Domestic abuse statistics revealed

Justice Secretary Michael Matheson and Chief Constable Phil Gormley.Justice Secretary Michael Matheson and Chief Constable Phil Gormley.
Justice Secretary Michael Matheson and Chief Constable Phil Gormley.
The levels of domestic abuse reported to Police Scotland have dropped by 3% over the past year.

The figures published today show that in 2015/16 there were 58,104 incidents of domestic abuse compared to 59,882 in 2014/15.

In line with statistics from previous years, in 80% of cases the victim was female while 20% were male victims.

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In half of reported domestic abuse cases, the victim, accused or both were already known to police for previous incidents.

The statistics also show the location of domestic abuse incidents, with 87% happening in the home.

Justice Secretary Michael Matheson said: “Scotland will not tolerate the scourge of domestic abuse. Nobody should live in fear at home or within their wider community and we continue to do everything we can to eradicate this type of violence and support victims to have the confidence to come forward and report the crimes committed against them.

“We welcome the drop in the number of domestic abuse incidents recorded, against a backdrop of an overall fall in recorded crime, and we remain confident that more victims are refusing to stay quiet about what is happening to them. I believe this is in no small part down to better understanding of this unacceptable behaviour and the support services available for those in need.

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“Earlier this month we announced an extra £665,000 to expand advice and support services for victims of gender-based violence, through the Scottish Women’s Rights Centre. We have also invested £7.2 million over three years (2015-18) to ensure court waiting times for domestic abuse cases are prioritised, and created a new domestic abuse aggravation.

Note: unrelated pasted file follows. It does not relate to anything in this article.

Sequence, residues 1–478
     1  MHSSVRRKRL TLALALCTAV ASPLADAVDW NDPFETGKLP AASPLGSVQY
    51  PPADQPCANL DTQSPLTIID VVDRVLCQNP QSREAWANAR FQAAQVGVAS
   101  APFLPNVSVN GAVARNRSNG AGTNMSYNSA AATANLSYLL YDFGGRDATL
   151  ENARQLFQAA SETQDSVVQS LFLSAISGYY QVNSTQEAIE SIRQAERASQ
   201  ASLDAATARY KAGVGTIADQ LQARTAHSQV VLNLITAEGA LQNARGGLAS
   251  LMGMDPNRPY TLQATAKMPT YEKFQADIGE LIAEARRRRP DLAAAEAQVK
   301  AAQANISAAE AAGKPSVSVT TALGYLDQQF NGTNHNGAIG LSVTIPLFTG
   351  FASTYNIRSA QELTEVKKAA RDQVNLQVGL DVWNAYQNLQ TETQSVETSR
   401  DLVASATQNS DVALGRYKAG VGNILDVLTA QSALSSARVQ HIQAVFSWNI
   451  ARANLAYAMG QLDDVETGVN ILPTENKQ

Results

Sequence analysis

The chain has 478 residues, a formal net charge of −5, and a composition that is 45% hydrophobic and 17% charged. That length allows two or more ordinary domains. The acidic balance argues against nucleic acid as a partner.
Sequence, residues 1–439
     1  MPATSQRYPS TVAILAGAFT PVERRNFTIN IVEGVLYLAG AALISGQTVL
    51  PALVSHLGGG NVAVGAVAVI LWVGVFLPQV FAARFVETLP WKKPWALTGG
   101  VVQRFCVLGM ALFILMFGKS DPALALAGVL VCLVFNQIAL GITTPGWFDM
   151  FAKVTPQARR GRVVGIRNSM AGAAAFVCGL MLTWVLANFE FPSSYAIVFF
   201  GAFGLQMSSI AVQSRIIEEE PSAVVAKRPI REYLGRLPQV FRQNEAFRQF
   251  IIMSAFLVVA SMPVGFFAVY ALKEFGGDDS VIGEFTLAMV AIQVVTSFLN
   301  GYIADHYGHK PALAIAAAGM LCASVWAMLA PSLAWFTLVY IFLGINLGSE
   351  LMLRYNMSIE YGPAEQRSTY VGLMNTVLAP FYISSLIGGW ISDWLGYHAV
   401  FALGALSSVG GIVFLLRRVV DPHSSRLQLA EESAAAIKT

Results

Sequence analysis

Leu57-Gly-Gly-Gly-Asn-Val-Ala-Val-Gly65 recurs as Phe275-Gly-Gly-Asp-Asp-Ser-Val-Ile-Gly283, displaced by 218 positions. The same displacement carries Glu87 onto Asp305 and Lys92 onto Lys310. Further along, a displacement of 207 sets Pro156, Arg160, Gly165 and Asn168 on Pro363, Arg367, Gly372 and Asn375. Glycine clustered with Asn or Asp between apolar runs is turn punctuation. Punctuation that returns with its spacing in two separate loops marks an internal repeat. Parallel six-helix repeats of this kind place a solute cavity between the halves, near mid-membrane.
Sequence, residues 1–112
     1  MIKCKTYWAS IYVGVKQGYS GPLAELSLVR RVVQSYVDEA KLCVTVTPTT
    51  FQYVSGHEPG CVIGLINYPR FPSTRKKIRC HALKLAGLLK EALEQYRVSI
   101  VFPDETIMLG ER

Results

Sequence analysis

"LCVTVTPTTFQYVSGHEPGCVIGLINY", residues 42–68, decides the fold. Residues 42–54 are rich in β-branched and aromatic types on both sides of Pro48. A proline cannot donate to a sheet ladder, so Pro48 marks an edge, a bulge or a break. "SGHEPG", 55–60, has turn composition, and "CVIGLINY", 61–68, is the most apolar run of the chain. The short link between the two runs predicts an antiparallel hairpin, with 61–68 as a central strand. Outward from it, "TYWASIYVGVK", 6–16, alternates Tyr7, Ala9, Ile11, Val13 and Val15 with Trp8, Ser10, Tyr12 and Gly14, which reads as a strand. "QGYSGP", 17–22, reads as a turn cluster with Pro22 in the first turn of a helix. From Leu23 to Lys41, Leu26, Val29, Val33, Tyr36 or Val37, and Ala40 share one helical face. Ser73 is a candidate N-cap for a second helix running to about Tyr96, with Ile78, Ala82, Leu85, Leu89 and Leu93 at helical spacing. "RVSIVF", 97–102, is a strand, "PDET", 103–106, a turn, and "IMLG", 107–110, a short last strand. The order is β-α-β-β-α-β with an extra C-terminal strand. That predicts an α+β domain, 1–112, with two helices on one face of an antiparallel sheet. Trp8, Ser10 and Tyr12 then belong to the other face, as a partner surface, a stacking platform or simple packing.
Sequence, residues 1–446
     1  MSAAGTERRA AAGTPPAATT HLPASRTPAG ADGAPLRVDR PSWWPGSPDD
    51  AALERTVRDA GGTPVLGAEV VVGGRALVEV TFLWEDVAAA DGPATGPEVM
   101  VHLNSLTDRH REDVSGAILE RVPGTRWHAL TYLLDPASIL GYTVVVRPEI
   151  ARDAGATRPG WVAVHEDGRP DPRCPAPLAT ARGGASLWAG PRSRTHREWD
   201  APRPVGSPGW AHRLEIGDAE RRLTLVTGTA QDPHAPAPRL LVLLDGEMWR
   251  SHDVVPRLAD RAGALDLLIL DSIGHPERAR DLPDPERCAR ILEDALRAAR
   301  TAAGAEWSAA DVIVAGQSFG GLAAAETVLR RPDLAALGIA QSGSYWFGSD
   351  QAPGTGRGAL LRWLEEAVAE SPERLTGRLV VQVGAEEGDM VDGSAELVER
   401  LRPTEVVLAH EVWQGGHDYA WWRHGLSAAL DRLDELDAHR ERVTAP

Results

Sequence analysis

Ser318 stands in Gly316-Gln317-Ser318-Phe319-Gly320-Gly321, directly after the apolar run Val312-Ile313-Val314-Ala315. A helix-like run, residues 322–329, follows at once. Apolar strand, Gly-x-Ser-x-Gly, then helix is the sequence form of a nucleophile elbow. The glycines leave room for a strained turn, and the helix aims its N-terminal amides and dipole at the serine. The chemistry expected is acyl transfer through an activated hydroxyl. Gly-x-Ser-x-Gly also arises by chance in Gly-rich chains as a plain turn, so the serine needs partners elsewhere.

“We are now preparing new legislation to tackle domestic abuse which takes the form of controlling and coercive behaviour, widening our laws to reflect the damage of this kind of psychological abuse.”

Mhairi McGowan of specialist independent domestic abuse advocacy service ASSIST said: “It’s important as a society that we continue to develop our response to domestic abuse. There has been huge progress, but there is still a lot to do before all victims are safe and domestic abuse is eradicated.

“In particular, I hope that the proposed new offence covering emotional and psychological abuse will be introduced, so that victims who are currently suffering in silence will be able to come forward and report what is happening. It is imperative that the message is made loud and clear to victims and to those who perpetrate it that abuse in all its forms will not be tolerated and therefore combatting domestic abuse must continue to be a priority for all of us.

“It is also very important that actions are agreed by the Joint Strategic Board implementing Equally Safe to continue to drive progress across all sectors of Scottish society.”